GROENEKAN – Zecc Architects recently completed a brick house in Groenekan, the Netherlands.

The Brickhouse merges village building elements with an attachment to the landscape.

The architectural style of the house is founded on traditional Dutch brick design with a modern update. Neighbouring houses use brick as their main material and have sloped roofs covered with ceramic tiles. The house reinterprets brickwork to create a contemporary design that seems to sink into its landscape.

The Brickhouse uses levels effectively. The front of the house has two storeys which relate the house to the other buildings on the street. The back side is a single level partly sunken into the terrain.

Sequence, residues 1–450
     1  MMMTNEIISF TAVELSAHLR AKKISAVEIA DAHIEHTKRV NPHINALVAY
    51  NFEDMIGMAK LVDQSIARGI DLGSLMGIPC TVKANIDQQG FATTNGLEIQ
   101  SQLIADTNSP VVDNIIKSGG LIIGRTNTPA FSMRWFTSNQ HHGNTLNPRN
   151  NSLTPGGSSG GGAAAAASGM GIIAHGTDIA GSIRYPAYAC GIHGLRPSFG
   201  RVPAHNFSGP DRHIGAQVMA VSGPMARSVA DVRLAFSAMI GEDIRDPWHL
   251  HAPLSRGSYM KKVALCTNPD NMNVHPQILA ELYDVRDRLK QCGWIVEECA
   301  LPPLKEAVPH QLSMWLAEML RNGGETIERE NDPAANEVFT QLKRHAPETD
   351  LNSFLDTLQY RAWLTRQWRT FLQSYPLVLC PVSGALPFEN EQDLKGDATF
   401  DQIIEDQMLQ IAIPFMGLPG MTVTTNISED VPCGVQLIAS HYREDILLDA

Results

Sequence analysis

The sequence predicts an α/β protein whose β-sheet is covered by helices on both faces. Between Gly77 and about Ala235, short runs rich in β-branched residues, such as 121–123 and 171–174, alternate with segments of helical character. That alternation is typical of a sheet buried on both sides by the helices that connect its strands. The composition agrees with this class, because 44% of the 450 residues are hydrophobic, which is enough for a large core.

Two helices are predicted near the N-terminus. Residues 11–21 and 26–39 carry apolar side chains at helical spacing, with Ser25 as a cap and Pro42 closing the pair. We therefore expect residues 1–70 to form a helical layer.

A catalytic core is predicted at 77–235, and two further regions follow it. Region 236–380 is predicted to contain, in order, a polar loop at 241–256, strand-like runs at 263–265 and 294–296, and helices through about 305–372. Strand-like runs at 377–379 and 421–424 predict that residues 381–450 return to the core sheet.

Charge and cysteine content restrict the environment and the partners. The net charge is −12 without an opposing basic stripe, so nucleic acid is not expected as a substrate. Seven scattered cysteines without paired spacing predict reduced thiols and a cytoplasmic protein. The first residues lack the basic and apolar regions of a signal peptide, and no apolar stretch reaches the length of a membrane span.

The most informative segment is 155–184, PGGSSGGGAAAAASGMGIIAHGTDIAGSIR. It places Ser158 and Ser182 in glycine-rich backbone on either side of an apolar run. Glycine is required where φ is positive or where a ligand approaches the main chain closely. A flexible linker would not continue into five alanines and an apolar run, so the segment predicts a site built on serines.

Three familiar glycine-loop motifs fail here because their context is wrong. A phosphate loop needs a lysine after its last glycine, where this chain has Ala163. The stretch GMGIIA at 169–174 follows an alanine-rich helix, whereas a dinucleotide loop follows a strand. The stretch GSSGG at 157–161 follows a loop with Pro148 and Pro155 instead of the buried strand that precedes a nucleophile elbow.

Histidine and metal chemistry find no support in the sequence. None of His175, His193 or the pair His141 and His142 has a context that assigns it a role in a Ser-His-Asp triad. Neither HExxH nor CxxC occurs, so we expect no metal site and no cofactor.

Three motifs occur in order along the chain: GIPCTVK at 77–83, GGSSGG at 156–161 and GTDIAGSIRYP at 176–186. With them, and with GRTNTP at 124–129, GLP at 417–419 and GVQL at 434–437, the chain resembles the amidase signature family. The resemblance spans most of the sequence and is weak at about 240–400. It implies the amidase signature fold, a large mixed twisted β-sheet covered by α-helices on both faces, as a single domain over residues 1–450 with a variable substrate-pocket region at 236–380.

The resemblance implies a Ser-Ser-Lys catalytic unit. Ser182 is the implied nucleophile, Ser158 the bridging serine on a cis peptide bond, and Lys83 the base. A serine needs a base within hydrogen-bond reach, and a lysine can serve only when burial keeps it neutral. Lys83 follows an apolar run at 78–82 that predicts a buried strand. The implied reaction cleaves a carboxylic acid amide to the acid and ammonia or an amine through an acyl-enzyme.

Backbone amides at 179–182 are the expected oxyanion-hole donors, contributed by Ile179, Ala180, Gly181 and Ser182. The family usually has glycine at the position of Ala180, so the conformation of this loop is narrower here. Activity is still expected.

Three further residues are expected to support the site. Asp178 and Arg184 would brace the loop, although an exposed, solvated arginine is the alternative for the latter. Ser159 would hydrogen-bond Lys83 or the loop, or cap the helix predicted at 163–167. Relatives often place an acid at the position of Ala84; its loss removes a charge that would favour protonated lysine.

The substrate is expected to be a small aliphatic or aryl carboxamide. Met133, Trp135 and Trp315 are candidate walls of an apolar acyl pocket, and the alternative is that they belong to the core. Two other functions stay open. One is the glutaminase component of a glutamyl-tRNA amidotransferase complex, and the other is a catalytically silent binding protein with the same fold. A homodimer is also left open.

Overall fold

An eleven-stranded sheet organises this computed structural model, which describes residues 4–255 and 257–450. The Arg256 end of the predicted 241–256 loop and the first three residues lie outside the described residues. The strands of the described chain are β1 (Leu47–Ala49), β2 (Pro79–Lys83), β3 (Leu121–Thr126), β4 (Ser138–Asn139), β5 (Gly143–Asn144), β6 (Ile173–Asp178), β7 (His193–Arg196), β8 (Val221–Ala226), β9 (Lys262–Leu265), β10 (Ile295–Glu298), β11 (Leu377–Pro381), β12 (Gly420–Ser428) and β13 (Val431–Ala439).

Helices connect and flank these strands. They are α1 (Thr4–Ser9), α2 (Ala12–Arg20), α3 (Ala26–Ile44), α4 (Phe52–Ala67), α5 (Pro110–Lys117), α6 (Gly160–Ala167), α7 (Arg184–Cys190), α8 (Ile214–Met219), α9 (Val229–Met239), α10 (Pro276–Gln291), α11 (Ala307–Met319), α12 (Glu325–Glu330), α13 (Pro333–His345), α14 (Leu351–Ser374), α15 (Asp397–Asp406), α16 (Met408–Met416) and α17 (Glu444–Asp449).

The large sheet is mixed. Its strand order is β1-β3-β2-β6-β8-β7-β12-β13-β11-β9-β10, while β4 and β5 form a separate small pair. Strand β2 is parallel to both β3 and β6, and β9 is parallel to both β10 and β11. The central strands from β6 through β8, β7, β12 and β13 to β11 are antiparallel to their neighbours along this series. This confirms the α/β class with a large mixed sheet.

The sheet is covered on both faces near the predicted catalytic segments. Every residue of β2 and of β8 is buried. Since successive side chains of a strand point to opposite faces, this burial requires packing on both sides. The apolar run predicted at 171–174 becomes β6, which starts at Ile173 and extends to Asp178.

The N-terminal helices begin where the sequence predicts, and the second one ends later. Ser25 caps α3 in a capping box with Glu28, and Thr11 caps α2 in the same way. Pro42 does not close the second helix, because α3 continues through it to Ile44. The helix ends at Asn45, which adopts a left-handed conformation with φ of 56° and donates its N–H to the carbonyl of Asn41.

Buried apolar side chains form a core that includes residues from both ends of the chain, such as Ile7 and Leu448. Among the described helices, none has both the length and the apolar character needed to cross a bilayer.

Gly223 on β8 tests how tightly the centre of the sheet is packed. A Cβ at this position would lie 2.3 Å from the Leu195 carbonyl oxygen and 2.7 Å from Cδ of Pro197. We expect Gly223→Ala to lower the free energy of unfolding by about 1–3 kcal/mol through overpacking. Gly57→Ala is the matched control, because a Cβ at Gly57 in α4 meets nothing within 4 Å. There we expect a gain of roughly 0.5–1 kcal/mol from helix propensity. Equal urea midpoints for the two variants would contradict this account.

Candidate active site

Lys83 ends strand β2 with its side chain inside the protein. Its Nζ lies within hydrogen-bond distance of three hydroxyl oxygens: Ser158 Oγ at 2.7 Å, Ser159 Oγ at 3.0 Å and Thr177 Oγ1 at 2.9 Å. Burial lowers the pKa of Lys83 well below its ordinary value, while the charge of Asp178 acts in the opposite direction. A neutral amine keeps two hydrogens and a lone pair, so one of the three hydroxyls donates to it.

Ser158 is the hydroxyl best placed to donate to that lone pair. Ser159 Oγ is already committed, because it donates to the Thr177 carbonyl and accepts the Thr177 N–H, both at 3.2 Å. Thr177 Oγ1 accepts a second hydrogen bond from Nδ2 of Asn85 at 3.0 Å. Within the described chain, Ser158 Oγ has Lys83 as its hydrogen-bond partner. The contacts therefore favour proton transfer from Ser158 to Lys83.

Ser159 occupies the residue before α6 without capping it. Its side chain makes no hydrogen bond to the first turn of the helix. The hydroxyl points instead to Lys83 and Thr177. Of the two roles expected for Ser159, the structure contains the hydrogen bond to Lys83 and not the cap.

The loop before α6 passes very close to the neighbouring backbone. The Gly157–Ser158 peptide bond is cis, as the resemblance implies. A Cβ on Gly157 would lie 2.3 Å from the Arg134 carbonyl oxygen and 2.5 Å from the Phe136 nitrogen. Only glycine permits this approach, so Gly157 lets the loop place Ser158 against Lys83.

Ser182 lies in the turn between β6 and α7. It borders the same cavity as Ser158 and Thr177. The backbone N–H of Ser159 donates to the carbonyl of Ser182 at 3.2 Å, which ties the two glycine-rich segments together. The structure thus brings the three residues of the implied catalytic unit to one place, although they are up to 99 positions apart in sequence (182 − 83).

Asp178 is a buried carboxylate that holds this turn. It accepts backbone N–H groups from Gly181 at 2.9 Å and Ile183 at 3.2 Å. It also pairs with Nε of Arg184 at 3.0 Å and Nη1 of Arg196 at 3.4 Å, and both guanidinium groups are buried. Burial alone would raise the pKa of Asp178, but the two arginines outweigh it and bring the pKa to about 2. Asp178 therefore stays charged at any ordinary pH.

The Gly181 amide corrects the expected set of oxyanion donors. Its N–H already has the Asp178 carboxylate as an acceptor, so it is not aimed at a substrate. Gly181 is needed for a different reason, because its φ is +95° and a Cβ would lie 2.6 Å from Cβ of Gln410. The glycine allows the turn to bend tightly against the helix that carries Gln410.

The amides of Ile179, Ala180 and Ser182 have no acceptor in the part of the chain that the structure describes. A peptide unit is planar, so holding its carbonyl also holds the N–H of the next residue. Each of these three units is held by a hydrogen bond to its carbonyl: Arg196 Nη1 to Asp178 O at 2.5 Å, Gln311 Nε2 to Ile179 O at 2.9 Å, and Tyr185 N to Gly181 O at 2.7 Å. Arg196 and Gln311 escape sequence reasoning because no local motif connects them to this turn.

While the house is a sculptural form, the focus of the design is on interior spaces which are oriented toward the surrounding landscape. The street-façade is closed giving the clients privacy and the back opens up towards the surrounding green. An L-shaped plan unites the outdoor terrace with interior living areas.

Each brick in the house was handmade specifically for this project by Petersen, a Danish brick manufacturer.

The ‘brick monolith’, as the architects call it, is broken by window openings punctured into the brick façade. Windows reflect surrounding buildings while allowing passers-by a view through the house to the green landscape beyond.

A perforated brick pattern lines the top of the chimney stacks, relating to the punctured aperture openings. Windows break the uniformity of brickwork and large, single-pane openings give the house an ultramodern quality.

Photos courtesy of Jaroslaw Rodycz